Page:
Now we are truly ‘all in it together’

At least they aren’t calling it the gay plague, the way they did with AIDS, or God forbid the paedo plague – they blame us kind folk for everything else, though, so why not the corona virus disease (Covid-19) first identified last December in China?
But stigmatisation of some sort follows closely on the heels of every pathogen, as was observed recently in the authoritative New England Journal of Medicine (NEJM). At first the finger was pointed, quite rightly, at Chinese “wet markets”, but this quickly morphed online into generalised anti-Asian racism. Within the last week, though, the demonization has moved closer to home: escaping into the open countryside to enjoy the fresh Spring air and sunshine is suddenly seen as selfish and anti-social. How weird is that?
Not so weird as to be completely irrational, apparently. The logic of ordering us all to stay at home is questionable but this is not a time for mutiny. That is because in this crisis we really are “all in it together”: we are affected not just as kinds, or MAPs, but simply as people. This thing is menacing everyone. It is time remind ourselves that although we at Heretic TOC are an awkward bunch of political heretics and sexual “deviants”, we are first and foremost humans; we need to make common cause with our fellows and acquit ourselves well.

Just to keep things in perspective: latest official statistics (ONS) weekly deaths data (to w/e 13 March) shows death numbers remain a bit lower than usual so far this year. In the year to date there have been 4% fewer deaths than the five-year average, as was pointed out in a recent tweet by a certain Stuart McDonald. It is presumably more than coincidental that there is a leading actuary of this name at Lloyds Banking Group.

So I will be doing my best to stick to the tough new rules for at least as long as I can be persuaded they are roughly in line with the best medical and scientific advice available to government. For Heretic TOC readers in the US, of course, that emphatically will not mean taking President Trump’s word for anything. In the UK, too, the prime minister may be blown off course by political winds. For the moment, though, to be blunt about it, this a time for obeying orders.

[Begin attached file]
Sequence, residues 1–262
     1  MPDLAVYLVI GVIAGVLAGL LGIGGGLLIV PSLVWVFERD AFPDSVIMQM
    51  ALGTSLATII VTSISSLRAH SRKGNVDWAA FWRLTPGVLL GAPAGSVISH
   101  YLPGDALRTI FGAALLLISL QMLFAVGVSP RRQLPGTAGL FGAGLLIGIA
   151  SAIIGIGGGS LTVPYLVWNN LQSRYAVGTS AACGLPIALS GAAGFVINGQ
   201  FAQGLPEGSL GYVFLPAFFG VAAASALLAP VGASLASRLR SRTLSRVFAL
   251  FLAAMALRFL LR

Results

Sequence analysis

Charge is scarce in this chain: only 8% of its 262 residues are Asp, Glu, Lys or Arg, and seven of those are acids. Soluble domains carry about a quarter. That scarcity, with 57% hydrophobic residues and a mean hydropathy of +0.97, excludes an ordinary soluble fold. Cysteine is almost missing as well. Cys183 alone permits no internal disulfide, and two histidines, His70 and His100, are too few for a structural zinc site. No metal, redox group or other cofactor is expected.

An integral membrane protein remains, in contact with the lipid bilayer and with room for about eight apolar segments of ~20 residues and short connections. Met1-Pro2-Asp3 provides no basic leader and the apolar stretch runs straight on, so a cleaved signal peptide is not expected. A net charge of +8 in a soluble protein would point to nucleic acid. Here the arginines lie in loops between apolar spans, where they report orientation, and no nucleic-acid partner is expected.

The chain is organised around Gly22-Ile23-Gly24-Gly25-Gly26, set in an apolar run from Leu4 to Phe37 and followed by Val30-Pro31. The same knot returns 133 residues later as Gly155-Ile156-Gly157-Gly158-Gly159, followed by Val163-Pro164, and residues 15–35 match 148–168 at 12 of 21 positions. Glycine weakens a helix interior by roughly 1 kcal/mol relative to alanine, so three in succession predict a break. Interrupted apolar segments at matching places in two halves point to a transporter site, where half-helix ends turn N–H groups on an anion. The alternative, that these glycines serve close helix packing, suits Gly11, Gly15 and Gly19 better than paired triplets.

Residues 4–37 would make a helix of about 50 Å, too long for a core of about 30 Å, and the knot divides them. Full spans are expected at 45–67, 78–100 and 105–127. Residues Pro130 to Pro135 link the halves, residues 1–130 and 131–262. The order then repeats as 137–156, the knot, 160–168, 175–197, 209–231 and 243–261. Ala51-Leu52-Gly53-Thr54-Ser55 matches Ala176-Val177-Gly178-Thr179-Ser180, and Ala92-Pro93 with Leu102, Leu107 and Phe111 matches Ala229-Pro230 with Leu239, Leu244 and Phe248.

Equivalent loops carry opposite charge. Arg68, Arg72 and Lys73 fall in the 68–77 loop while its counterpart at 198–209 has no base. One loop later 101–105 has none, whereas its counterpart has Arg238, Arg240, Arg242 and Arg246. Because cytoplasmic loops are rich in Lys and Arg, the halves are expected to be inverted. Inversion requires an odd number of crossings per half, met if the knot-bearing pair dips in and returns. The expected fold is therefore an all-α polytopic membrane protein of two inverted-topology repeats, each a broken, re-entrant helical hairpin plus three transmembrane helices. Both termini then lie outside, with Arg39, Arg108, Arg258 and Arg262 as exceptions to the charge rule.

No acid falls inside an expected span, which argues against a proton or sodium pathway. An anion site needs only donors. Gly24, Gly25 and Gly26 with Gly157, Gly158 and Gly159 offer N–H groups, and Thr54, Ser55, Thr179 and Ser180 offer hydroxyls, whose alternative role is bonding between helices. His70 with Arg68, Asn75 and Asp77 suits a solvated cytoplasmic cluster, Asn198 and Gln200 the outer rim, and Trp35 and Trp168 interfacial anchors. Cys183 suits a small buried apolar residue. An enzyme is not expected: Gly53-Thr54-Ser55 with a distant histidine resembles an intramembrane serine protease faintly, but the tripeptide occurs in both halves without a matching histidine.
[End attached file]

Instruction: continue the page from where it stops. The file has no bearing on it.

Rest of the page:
As the PM’s broadcast to the nation in the UK this week made clear, that means staying at home for everything except shopping for food and other basic needs, taking very limited exercise close to home, and working away from home only for those in “essential” occupations. These tough restrictions appear to have been imposed reluctantly by Boris Johnson who, we are told, is by instinct a social liberal rather than an authoritarian. All the more reassuring, then, that if even he feels draconian measures are required then there is good reason to believe they are necessary.
That said, this blog does not carry the responsibility that governments must take for their emergency laws and guidance advice. It is no part of the new rules nor of HTOC’s stated mission that this blog must stay “on message”. On the contrary, in common with the media at large, it could almost be said we have a duty to keep our critical faculties alert and challenge government policy if it doesn’t seem to make sense. A couple of commentators at HTOC have already begun to express unease over the opportunity the crisis presents for the illegitimate extension of state control in our lives. I am not going to focus on this danger but neither will I make light of it. Instead I will just urge everyone here, even if you visit none of my other links today, to read Anne Appelbaum’s chillingly informative article in The Atlantic on how a number of governments in Europe and elsewhere are already abusing the situation big-time.
While sexual ethics and behaviour might seem less important right now than hand-washing and social distancing, they do point to a serious shortcoming in any public health strategy that relies on stopping people doing what they really, really want to do, for months on end, or longer. As the NEJM article linked above notes, “Syphilis, one of the great scourges of the early 20th century, could have been ended, in theory, had everyone adhered to a strict regimen of abstinence or monogamy. But as one U.S. Army medical officer complained in 1943, ‘The sex act cannot be made unpopular.’” Likewise, even AIDS failed to eliminate risky unprotected sexual behaviour; it took the advent of antiretroviral therapy to stop that pandemic in its tracks. Getting out and chatting in bars and restaurants, taking part in sport or gathering in huge stadiums to watch it, going to clubs and concerts and a myriad other social activities are all acts which, just like sex “cannot be made unpopular”. Socialising, and simply getting outdoors, are human needs that cannot be suppressed for long.